But the big picture is learning analytics is all over the place. But where I don't see it looking a lot is on this small scale. In other words, where learning analytics is about big data, and big data means you have a lot of people, a lot of subjects and a lot of variables, a lot of things measured. And, practically speaking, in our program, where I'm most interested in having an impact, we're not gonna see that level of big data. So we have to take a slightly different approach, and try to identify things that are meaningful in a smaller scale.

And that's where I hope to continue working is we want to find small things that are actionable, and then lead to our next improvement that we want to make about/with the virtual field experience, and try to still make forward progress, while focusing on smaller sample sizes.

(Transition MUSIC)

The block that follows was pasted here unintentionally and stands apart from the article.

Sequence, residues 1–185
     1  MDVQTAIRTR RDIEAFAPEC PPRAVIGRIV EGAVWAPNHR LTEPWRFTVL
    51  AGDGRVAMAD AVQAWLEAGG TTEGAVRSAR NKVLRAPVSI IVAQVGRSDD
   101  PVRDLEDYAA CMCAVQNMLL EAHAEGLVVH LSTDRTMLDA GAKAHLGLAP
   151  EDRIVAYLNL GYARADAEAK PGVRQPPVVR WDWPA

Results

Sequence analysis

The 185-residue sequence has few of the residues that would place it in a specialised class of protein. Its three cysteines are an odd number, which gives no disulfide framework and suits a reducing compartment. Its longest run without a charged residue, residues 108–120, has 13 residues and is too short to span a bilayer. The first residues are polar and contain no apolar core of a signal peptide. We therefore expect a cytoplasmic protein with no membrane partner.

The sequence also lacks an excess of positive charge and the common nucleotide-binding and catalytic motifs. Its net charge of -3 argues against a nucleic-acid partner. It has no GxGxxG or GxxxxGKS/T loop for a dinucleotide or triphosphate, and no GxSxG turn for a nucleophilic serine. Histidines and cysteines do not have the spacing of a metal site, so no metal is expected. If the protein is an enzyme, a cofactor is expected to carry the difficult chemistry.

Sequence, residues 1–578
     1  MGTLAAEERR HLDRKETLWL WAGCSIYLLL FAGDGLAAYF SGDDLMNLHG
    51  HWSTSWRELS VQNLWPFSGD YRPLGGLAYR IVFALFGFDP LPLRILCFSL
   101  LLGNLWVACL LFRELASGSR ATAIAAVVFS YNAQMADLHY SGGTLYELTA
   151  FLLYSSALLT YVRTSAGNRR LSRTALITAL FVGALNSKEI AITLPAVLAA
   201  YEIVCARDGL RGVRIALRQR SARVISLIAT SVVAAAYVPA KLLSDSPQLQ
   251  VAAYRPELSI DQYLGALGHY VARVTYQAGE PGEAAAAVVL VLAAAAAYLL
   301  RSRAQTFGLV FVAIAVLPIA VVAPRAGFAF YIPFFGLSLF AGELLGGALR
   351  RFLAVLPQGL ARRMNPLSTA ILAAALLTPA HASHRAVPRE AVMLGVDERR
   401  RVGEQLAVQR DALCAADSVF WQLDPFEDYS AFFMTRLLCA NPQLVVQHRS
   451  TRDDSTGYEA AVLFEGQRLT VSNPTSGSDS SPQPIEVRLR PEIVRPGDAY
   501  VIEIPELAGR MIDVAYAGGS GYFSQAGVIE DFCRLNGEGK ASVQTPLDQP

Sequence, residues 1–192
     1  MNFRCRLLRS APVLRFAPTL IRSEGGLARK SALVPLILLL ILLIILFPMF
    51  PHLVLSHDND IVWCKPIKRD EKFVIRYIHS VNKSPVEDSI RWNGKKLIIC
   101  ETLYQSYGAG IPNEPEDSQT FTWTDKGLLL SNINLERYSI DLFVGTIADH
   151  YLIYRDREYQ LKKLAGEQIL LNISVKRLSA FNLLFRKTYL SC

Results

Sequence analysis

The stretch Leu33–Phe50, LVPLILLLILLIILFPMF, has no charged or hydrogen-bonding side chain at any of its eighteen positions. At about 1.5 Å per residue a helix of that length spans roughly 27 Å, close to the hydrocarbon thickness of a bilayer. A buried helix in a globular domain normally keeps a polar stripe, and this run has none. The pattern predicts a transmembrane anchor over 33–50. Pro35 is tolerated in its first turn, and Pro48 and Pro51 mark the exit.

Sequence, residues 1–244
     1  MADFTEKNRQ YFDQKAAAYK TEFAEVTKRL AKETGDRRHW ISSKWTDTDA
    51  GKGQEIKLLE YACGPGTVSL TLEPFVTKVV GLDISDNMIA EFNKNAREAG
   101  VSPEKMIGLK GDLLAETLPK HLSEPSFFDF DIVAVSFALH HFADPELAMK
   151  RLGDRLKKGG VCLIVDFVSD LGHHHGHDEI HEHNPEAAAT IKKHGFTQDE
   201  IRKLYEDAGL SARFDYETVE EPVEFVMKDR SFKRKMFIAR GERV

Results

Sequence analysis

James Loy:

So what are some of the best practices when it comes to designing an online learning experience? Maybe for any educator who hopes to do more with online teaching and learning, or maybe someone who may be forced to do more with this soon?

I know we mentioned a couple already with learning analytics, you know, separating the signal from the noise to learn what’s working and what’s not working. Also, smaller class sizes I believe is one you just mentioned as well. But could you talk a bit more about some of the best practices in general when designing an online learning experience?

Jason Abbitt:

Yeah. So one thing that I mentioned here was the similarity in the structure of the activity, and I think the one challenge that many instructors face when initially shifting to online learning is solely thinking about the subject matter, and how to organize, deconstruct, break down, sequence the learning around the subject matter. And I don't know that as much attention is paid to the student learning experience. Like, what it looks like from a student's view in order to be successful in an online class.